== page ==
So here we go again with another banking crisis in the Eurozone. How many times have we heard this phrase over the last few years. This latest disruption is coming from Portuguese bank Banco Espirito Santo, the second largest in the nation. This is just a few years removed from the country itself requiring a bailout from the EU, as it received a 78-billion euros in rescue funds in May 2011. So how have all these bailouts affected one of Europe’s largest banks, Deutsche Bank AG (USA) (NYSE:DB)?
In May of 2007 the share price of Deutsche Bank AG (USA) (NYSE:DB) hit a record high of $159.76. It took a nose dive along with other banks and equity markets around the globe, as the “containable” sub-prime crisis could not be contained. Deutsche Bank’s share price bottomed out in Jan 2009 at a price of $21.13, declining a gut-wrenching 86%! However, after making that low, shares of the German bank were able to move up an amazing 300% to $84.93, on a snap back rally. Since that time the stock price of Deutsche Bank AG (USA) (NYSE:DB) has gone sideways to lower, while Germany’s DAX Index (Frankfurt Stock Exchange) has ascended to new all time highs, just like the U.S. markets.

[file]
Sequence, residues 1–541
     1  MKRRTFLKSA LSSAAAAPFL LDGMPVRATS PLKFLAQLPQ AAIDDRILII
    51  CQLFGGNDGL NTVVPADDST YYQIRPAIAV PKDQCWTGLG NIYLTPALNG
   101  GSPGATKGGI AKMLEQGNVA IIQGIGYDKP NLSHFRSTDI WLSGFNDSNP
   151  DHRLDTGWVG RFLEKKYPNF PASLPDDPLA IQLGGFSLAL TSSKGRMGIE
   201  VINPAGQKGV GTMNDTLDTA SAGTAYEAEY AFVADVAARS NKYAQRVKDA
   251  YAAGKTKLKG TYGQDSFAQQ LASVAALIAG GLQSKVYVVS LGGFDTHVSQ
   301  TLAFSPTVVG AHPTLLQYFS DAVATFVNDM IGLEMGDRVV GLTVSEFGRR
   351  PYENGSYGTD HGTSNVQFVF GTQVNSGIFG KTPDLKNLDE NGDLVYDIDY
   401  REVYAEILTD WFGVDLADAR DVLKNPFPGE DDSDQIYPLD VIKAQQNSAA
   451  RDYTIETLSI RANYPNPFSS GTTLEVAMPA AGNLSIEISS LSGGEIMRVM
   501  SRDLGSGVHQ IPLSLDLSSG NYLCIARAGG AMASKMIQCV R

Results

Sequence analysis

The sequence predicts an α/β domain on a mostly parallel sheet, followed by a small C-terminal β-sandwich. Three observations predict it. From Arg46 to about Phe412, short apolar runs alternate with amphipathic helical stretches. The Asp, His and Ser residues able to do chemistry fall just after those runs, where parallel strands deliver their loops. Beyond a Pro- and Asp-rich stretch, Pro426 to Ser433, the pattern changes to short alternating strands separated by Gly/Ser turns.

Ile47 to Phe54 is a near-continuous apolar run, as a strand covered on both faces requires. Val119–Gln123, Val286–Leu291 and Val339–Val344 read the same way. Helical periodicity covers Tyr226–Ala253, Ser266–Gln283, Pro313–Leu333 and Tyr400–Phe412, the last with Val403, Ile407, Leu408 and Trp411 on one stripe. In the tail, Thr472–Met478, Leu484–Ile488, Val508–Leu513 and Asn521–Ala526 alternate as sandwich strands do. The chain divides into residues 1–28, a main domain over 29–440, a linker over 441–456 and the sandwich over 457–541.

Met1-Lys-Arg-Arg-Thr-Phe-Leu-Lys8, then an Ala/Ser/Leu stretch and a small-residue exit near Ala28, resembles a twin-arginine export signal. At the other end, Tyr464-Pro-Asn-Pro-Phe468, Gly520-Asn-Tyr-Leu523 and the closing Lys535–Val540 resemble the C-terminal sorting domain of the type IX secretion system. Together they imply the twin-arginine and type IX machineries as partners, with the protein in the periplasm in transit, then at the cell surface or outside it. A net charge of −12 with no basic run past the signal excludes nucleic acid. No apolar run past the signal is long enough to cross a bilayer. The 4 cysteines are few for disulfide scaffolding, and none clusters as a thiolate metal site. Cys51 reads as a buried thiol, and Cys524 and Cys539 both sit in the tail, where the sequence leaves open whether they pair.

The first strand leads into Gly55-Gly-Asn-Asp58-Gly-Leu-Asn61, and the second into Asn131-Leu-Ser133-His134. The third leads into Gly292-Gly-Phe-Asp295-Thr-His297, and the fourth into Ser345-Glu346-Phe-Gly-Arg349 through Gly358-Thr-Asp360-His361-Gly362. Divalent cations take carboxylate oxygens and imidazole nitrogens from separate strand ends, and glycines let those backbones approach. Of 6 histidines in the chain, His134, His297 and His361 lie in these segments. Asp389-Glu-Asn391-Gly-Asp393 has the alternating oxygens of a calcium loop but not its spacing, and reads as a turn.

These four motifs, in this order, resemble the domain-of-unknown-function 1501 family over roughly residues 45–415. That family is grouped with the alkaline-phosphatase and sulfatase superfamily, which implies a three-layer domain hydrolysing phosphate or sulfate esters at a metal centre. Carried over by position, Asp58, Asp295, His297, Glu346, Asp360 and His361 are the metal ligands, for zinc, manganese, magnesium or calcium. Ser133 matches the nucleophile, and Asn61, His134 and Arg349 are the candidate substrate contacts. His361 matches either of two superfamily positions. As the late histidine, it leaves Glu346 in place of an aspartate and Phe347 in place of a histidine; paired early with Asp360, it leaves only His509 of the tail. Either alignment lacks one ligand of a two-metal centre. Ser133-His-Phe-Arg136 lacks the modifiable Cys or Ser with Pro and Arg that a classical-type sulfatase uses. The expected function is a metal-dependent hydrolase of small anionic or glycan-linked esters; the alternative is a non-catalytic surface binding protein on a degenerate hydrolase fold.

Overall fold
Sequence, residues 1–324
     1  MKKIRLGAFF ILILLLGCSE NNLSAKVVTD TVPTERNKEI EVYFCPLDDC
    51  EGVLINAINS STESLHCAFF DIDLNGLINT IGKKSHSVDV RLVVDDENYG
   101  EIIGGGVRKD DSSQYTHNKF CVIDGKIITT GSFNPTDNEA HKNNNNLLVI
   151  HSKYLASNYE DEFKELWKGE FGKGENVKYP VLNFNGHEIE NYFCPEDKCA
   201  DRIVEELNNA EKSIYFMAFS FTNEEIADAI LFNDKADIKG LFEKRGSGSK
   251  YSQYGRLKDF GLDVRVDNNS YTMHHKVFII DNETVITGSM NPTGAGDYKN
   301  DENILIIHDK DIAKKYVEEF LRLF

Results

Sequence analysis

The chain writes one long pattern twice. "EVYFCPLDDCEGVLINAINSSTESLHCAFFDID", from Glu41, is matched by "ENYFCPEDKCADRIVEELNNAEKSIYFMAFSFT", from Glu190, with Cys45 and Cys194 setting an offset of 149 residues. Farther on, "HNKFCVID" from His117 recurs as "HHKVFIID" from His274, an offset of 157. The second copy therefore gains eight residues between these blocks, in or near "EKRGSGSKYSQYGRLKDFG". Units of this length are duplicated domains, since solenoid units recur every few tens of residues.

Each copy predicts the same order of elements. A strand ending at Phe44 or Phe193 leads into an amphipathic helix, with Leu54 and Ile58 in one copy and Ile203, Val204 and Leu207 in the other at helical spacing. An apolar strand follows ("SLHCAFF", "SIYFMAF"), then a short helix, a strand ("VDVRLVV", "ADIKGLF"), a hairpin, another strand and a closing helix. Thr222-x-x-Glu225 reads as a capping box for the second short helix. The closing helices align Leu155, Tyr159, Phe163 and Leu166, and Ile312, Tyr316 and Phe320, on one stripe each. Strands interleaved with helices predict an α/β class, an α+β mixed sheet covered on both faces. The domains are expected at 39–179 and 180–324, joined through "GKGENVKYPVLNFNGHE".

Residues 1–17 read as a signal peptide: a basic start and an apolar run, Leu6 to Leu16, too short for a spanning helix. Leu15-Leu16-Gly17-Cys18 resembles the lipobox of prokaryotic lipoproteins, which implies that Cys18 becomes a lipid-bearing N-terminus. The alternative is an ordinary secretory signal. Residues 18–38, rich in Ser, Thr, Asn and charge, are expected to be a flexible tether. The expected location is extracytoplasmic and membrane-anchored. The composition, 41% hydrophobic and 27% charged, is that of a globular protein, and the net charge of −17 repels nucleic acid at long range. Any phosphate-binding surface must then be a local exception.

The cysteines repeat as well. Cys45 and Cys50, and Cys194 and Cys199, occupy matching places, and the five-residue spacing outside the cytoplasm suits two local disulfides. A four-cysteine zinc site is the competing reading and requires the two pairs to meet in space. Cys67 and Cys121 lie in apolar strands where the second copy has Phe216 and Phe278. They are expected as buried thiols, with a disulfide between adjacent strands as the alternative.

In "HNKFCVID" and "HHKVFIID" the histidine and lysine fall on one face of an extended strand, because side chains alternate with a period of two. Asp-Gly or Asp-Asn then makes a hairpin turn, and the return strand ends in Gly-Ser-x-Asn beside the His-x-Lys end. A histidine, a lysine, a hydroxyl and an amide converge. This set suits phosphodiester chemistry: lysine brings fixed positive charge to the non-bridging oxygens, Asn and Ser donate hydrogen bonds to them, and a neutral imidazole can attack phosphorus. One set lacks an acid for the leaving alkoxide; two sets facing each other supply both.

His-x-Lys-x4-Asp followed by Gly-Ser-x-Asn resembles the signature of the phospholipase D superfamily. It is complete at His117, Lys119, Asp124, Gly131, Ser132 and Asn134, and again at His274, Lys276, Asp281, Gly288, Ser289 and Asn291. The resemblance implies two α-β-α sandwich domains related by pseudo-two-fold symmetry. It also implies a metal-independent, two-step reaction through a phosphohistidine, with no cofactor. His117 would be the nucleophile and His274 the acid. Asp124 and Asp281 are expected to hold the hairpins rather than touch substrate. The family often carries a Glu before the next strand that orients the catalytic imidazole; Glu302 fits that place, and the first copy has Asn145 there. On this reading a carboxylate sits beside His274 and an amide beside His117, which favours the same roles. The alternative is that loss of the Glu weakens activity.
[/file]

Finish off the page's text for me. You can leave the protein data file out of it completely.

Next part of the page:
So why this huge under performance? I attribute it to all the bailouts needed over the years for Greece, Ireland, Portugal, Spain and Cyprus. Deutsche Bank AG (USA) (NYSE:DB) is one of the largest lenders in Europe and its exposure to such weak countries is immense. The EU has slowly grown its members to close to 30 countries. However, the countries that are joining are not economic powerhouses of any sort. Take a look at the list of nations who required bailouts and you will see that they have given up their weak currencies to adopt a much stronger one in the Euro. By doing so they are not doing their GDP any favors, as their exports will get hurt with a far superior currency by adopting the Euro. The chart of Deutsche Bank AG (USA) (NYSE:DB) is telling us all we need to know about how adding more weak nations to the EU will not do this stock any favors to the upside.